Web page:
On December 21, 2017, the UPC Preparatory Committee issued a press release „Summary and Future“ explaining the „provisional application“ phase and its operation. This is essentially a pilot phase that can occur if a sufficient number of signatory states approve the protocol on the agreement on a unified jurisdiction on the provisional application. The protocol requires States Parties to agree to provisionally apply the institutional, organizational and financial aspects of the UPCA before the UPCA comes into force. As soon as the protocol comes into force, the organization is formed (as such) and becomes endowed with the legal personality. The management committee, the budget committee and the advisory committee are set up at the beginning of the interim implementation and then take responsibility for the preparation by the preparatory committee. First of all, unitary patents cannot cover all participating Member States, some of which may not have yet ratified the UPC Convention when it comes into force. The outstanding ratifications are likely to be successive, so that there may be different generations of unitary patents with different territorial coverages. Coverage of a given generation of unitary patents remains the same throughout its lifespan, regardless of any subsequent ratifications of the UPC convention after the registration date of the unit effect. In other words, there will be no extension of the territorial coverage of unitary patents to other Member States that ratify the UPC Convention after CEPOL registers the unitary effect. The United Kingdom, along with France and Germany, is one of three signatory countries to ratify before the agreement can enter into force.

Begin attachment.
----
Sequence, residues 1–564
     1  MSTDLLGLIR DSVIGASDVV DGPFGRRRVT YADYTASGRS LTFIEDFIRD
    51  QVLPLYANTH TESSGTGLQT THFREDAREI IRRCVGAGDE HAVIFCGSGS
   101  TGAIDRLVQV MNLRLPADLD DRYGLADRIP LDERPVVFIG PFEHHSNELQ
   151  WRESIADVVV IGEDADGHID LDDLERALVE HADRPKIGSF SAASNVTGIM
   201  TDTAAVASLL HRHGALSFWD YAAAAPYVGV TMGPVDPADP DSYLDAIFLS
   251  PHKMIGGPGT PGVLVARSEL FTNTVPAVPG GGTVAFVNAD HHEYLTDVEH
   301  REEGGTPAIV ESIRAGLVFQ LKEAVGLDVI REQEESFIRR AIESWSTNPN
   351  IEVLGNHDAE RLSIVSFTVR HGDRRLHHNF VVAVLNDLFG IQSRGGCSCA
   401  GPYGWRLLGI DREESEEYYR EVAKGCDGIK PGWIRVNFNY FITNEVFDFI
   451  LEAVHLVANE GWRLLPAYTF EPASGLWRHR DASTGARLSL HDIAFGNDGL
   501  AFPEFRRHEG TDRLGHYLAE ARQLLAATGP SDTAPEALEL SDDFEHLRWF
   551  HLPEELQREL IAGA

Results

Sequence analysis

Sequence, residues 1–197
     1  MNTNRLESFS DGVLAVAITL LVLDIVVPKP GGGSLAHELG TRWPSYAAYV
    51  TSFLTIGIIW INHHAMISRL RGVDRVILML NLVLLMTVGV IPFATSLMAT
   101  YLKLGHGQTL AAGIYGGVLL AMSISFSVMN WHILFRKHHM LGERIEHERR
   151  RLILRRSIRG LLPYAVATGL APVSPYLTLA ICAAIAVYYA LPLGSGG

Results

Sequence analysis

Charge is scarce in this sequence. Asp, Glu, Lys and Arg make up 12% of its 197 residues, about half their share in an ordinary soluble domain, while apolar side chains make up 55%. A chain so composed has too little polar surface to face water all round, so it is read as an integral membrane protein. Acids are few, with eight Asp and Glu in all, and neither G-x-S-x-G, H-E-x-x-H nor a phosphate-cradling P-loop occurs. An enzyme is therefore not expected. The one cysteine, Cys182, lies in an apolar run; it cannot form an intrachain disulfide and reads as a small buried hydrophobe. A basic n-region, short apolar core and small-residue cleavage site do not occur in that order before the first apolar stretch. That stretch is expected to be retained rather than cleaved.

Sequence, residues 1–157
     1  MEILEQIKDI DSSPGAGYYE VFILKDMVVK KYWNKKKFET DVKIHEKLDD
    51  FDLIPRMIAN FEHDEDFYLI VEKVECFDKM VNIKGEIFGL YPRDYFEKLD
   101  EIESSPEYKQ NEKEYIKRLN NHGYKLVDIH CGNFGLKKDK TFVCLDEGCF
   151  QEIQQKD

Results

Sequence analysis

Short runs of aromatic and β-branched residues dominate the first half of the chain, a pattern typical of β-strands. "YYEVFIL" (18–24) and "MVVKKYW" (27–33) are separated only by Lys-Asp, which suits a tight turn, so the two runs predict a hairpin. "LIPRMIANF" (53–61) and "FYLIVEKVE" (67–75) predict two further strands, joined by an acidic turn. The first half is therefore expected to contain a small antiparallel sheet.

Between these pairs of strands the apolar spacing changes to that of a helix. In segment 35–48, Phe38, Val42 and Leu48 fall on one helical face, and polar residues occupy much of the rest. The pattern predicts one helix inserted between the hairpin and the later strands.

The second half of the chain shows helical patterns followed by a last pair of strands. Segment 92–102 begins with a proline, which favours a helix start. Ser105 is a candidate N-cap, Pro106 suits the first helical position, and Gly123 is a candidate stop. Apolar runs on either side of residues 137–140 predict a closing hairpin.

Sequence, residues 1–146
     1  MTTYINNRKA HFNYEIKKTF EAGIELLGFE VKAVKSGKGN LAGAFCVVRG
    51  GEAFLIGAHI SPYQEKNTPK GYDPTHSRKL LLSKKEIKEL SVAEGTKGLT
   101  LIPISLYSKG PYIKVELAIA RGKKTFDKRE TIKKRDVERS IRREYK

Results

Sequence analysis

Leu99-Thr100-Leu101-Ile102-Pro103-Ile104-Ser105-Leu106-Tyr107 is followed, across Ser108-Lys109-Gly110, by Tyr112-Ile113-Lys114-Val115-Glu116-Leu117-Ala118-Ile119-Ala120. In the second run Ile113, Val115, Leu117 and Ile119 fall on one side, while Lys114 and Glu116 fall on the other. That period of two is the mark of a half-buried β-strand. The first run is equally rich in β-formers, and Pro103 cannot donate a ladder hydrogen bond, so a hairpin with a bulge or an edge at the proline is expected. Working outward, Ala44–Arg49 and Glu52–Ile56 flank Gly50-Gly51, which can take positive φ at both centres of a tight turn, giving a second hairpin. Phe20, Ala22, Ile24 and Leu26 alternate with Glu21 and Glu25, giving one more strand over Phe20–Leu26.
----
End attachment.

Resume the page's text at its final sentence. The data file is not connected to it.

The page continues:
France ratified a long time ago (2014), so German ratification is all that is needed now. Germany`s ratification was hampered by a challenge to the law, which allowed Germany to ratify both the Bundestag and the Federal Constitutional Court. Both have not yet been resolved. The UPC will begin operations as soon as the UPC agreement comes into force. The agreement, signed in 2013, aims to create a unified court for the settlement of Disputes relating to European patents and European unitary patents. The Unified Patent Tribunal will be a joint tribunal of the 25 Member States that signed the agreement. Fifteen other countries have already ratified the UPC agreement. Once ratified by Germany, the agreement will enter into force on the first day of the fourth month following the need for ratification. Assuming that constitutional challenges fail, it is likely that German ratification will take place in such a way that the new Unitary Patent Tribunal will agree on the first one.
Once the SS is in force, the UPC tribunal will carry out its functions in all the current EU Member States, with the exception of Croatia, Poland and Spain which have not signed the agreement. Once the UPC is in place, a European unitary patent (also known as a unitary patent) will be available and will cover all participating states. Unitary patents will be applied by the UPC, which will also be responsible for European patents that have not been excluded from the new system.